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What are they doing at PT? If she has low muscle tone, they could be doing stimulation activities, which encourage muscle action, which improves muscle tone. I used to work with some people who did PT on babies. Most of them worked on babies with Down's who have low muscle tone. In their experience, these babies who did not have early intervention had more motor delays that those that didn't.

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Honestly, I say that therapy is working. It may appear as she just decided to do it on her own, but my opinion is that they did make her stronger so that she could do it. My dd is in PT for low muscle tone as well. She is 3 and just this week I started realizing she was now doing many activities (like climbing and using stairs independently) that she had never done before. I don't believe tht she suddenly started by herself but htat it was instead the strength buiilding the PT has been doing with her.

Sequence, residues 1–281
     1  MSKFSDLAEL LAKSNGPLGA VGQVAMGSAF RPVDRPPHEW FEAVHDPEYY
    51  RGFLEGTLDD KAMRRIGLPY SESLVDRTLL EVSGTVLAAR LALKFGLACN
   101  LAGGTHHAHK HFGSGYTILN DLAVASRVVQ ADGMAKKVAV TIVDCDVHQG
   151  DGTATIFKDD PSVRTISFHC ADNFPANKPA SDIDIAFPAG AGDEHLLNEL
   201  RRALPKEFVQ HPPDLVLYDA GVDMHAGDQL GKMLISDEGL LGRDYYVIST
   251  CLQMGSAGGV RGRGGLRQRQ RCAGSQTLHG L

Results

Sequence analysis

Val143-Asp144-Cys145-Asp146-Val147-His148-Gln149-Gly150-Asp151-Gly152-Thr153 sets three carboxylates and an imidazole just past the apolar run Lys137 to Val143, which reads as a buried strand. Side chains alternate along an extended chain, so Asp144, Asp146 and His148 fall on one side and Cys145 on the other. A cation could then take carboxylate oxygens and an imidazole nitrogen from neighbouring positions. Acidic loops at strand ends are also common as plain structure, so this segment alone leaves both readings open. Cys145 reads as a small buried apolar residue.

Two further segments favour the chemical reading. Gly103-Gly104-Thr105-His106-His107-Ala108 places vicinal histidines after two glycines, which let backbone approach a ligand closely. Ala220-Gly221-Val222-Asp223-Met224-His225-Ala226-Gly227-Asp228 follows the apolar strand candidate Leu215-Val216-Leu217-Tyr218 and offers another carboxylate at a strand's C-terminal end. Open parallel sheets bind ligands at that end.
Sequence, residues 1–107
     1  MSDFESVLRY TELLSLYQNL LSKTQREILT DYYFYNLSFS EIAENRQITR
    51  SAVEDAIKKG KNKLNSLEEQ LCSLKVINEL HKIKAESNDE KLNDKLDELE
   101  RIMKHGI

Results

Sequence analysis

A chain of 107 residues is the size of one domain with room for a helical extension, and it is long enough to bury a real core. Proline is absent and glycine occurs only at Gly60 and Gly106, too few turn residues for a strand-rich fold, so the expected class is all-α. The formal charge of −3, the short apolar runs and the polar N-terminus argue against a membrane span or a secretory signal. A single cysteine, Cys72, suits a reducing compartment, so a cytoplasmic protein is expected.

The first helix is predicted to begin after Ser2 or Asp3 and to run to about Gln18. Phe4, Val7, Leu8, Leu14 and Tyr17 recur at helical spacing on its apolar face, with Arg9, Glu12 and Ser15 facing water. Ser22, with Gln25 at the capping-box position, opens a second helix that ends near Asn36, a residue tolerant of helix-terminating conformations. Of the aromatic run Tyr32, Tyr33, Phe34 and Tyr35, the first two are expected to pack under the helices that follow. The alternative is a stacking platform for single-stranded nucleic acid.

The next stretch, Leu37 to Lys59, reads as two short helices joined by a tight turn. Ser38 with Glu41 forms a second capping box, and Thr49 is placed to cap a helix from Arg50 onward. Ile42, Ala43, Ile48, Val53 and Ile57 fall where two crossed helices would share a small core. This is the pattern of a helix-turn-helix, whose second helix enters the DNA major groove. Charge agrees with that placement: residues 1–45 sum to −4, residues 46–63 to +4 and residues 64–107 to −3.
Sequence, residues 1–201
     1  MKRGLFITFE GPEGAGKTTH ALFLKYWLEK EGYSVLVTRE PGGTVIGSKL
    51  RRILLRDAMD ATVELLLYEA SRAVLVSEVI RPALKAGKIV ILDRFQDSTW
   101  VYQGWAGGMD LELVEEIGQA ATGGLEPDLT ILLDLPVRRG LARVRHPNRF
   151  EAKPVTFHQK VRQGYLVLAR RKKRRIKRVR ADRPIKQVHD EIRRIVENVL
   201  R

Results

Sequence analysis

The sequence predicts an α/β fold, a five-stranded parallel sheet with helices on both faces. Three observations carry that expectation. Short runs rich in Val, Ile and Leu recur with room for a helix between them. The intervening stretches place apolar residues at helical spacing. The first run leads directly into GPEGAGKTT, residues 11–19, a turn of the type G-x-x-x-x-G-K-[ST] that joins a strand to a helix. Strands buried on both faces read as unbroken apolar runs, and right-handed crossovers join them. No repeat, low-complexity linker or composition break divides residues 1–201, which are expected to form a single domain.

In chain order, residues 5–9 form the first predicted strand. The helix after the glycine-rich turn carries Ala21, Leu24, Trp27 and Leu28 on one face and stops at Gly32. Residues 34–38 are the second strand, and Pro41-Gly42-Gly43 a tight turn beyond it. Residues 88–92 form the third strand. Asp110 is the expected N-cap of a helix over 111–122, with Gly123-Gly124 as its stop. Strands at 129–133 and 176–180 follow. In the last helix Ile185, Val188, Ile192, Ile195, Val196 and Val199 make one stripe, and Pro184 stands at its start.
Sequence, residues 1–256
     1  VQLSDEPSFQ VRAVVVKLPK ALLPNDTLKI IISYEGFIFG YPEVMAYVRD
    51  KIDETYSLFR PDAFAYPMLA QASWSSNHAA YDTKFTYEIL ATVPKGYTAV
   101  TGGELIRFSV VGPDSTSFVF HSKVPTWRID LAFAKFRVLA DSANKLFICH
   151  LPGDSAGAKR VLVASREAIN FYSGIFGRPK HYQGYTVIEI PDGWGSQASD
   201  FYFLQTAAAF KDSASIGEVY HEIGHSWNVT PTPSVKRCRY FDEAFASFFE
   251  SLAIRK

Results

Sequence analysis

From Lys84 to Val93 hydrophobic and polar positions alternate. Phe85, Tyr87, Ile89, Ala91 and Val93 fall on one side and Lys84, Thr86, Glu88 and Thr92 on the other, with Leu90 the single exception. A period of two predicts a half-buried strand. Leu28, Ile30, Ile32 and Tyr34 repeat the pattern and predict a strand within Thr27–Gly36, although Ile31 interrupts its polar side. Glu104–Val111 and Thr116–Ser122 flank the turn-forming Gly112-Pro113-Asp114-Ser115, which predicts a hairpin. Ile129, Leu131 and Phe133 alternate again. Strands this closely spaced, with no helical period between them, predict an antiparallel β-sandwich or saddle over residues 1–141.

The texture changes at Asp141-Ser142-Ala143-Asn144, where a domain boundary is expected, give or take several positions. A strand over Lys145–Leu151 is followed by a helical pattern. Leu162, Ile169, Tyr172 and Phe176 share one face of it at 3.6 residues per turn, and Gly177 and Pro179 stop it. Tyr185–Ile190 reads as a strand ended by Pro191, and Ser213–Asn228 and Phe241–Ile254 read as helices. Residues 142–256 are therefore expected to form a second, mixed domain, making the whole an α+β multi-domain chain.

You can ask the PT what she thinks at this point. When my dd was a late walker, the PT suggested we stop therapy after her walking began and she gave me a long list of things to watch for in the future. We managed a year or so without PT but at age 3 dd was lagging behind peers again. I wander now if her delay wouldn't have been so severe at age 3 if I had continued therapy instead of dropping it. Another choice may be to reduce therapy time. I completely understand how taking 1 to therapy interrupts the day.

 

And, FWIW, IMO I would rather a child who needs therapy recieve it on my tax $ than a child who doesn't. It could be cheaper to fully resolve the issues now than to stop and not address them until much later. I think your chld is a child who has shown need. And while I know PT is expensive, I don't think your costs are more than a small drop in the bucket.